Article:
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Interview: Catching Up With BenDeLaCreme

She’s terminally delightful: BenDeLaCreme spills the T in this exclusive interview with IN Magazine

Many Drag Race super fans will remember BenDeLaCreme from her run on the show’s sixth season. She bounced into the werk room second, her personality so over-the-top bubbly. It was the perfect juxtaposition to the season’s first arrival, the grungy, blasé Libra Adore Delano. Dela was the fifth runner up from her season, and crowned Miss Congeniality. Flash-forward a few years and Dela returned to the Drag Race stage for the second time on All Stars 3. So it makes perfect sense that Dela is now touring her solo show Inferno A-Go-Go, and it’s making its way to Canada’s east coast at the beginning of September.

IN Magazine caught up with Dela to get the lowdown on her solo show, her proudest moments from her All Stars run, and why speaking out is so important to her.

IN: You’re bringing your Inferno A-Go-Go show to Canada’s east coast at the beginning of September. Previously, you’ve brought different acts all over Canada. What is your favourite part about performing in Canada?
BenDeLaCreme: Oh gosh, I feel like Canadian audiences are always really excitable, and on board. I feel like in the United States maybe there’s like a little bit more of a preconceived notion of what a drag show has to be. Where as in Canada I see a lot more different types of queens, and the audience really always seems to be excited to see new varieties.

IN: What can fans expect to see at an Inferno A-Go-Go show?
BenDeLaCreme: Well, Inferno A-Go-Go is my third solo show. I’ve done a lot of club touring obviously where I get to do shorter numbers, but this is a show that is essentially a full-on, one-person play. It’s based on Dante’s Inferno, but super high camp, and you get to see the character of Dela go through all nine circles of hell. So it’s a little bit more like narrative theatre than people are used to seeing at a drag show.

IN: And is that something that you prefer to perform instead something shorter?
BenDeLaCreme: Both of them are fun for different reasons, but this is definitely my passion because I get to have complete control over everything. I’m not just part of a night, I get to take people on my own journey which is really fun for me.

IN: You competed on RuPaul’s Drag Race season 6, and most recently competed on All Stars 3. What was different about competing the second time around?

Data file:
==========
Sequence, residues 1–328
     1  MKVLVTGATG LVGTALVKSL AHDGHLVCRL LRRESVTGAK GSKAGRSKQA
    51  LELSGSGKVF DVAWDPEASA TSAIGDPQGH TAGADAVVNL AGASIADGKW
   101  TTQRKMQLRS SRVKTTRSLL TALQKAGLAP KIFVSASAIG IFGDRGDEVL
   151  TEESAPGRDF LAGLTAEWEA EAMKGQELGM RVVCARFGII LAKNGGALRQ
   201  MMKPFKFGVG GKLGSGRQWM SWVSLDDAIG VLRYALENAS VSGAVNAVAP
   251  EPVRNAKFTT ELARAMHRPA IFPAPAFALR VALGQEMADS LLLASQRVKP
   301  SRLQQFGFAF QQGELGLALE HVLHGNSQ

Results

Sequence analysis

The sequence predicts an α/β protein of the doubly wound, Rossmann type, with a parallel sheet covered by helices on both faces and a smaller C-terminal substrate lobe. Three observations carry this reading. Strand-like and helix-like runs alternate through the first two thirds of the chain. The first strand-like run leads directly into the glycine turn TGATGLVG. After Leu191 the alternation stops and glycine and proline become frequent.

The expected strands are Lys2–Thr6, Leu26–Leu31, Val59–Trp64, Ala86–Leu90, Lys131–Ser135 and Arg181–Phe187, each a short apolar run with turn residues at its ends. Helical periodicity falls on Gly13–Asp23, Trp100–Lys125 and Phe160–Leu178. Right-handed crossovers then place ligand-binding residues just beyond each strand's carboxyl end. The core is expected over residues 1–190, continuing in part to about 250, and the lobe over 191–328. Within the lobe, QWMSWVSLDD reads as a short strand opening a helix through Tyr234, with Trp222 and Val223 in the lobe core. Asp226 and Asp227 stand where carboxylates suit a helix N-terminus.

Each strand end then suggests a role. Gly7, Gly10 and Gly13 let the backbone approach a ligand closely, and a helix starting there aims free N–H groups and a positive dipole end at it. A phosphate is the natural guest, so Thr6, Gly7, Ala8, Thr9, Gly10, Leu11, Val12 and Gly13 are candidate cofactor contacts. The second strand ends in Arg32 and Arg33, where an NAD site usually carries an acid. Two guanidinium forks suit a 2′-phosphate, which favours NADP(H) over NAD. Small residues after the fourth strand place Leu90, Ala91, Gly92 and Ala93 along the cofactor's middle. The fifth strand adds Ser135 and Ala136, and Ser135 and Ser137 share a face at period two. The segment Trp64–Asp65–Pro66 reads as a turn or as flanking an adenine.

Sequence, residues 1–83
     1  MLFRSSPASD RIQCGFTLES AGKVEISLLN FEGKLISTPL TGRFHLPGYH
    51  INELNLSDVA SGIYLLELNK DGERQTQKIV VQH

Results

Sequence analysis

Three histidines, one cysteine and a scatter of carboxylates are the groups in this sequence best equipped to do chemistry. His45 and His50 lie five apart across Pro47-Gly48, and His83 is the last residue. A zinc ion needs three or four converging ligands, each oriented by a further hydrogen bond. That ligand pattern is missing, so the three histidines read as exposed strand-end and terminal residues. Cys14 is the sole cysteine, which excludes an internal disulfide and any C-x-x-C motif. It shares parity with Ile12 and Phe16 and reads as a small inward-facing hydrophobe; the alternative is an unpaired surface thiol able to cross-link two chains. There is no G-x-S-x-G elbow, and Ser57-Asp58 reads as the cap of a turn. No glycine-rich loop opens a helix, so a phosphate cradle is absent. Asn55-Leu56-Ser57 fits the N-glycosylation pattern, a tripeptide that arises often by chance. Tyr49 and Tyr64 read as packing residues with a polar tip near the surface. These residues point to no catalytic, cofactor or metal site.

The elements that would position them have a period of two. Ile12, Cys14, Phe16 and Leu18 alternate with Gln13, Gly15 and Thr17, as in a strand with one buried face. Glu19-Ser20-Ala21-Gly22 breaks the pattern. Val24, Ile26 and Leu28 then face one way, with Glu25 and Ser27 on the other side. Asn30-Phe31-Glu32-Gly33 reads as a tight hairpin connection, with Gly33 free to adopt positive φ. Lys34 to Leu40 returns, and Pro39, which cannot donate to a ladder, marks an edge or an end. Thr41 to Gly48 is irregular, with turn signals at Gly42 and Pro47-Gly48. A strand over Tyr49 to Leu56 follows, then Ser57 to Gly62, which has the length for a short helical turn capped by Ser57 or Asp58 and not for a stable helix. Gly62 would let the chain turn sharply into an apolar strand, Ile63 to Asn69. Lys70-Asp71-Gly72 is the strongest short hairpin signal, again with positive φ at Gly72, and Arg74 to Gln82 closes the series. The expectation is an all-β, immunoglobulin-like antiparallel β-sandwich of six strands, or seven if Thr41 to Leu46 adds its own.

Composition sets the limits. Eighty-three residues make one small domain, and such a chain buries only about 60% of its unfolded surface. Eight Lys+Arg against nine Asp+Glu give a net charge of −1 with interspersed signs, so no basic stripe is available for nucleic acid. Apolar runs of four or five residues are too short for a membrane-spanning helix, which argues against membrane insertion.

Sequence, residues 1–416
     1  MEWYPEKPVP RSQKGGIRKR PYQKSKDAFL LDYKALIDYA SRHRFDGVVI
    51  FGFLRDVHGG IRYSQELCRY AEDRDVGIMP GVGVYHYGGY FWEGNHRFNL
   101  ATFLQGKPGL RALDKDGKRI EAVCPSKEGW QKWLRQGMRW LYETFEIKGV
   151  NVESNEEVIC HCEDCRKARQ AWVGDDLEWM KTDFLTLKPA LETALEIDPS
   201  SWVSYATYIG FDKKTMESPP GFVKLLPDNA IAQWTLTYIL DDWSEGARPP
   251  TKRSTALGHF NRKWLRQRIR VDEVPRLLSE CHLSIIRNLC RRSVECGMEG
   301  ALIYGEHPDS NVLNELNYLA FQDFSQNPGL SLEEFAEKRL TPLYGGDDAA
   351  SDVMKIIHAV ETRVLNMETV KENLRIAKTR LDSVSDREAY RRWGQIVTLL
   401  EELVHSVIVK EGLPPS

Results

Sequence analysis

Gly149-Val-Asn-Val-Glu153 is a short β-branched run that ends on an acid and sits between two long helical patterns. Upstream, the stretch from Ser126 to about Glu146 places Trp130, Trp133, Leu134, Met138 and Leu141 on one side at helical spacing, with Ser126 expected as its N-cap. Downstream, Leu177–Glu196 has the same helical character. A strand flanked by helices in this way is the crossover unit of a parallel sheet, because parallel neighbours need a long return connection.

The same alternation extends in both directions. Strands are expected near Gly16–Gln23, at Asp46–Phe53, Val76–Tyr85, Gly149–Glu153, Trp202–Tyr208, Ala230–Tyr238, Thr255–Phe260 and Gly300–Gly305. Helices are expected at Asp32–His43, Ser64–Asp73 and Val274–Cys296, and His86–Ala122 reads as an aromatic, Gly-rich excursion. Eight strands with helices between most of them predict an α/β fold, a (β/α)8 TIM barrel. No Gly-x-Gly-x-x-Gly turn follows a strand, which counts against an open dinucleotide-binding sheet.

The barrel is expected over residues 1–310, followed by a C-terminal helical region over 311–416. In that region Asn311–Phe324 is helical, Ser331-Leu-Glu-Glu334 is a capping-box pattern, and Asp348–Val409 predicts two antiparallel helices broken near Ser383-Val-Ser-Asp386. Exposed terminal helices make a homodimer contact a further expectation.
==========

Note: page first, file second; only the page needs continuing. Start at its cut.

BenDeLaCreme: I’d say the biggest difference would be experience, and kind of knowing both myself, and what the experience of the show is like. I had at that point, already been through it, and really understood how the competition runs, but also had been touring constantly for 4 years, so I really had a chance to hone my skills. It was way less intimidating the second time around. I kind of felt like I was in more control and more confident. Dela’s run on AS3 was a little different than Season six. By the second episode Dela was established as a frontrunner. Her consistency, and razor sharp attention to detail with each new challenge brought her many wins, and had her competing in almost every lip sync for your legacy.

IN: And watching it back, what was something you were most proud of?
BenDeLaCreme: I mean, I’m really proud of a lot of the individual challenges that I did well on, but it’s hard not to be most proud of breaking the record for the most challenges won. I mean that was obviously very exciting for me.

IN: Drag is starting to gain a lot of mainstream exposure, now more than ever. What do you want people to take away from your performance whether they’ve seen you before, or experiencing live drag for the first time?
BenDeLaCreme: I think that it’s awesome that Drag is becoming more mainstream, but the way that it’s becoming mainstream is mostly through Drag Race. So people have kind of one specific idea of what drag might look like, or what a drag show what they might expect. But drag has been around for so long that I hope that one of the things that people take away is that you can go into a drag show and come out with all sorts of different types of experiences.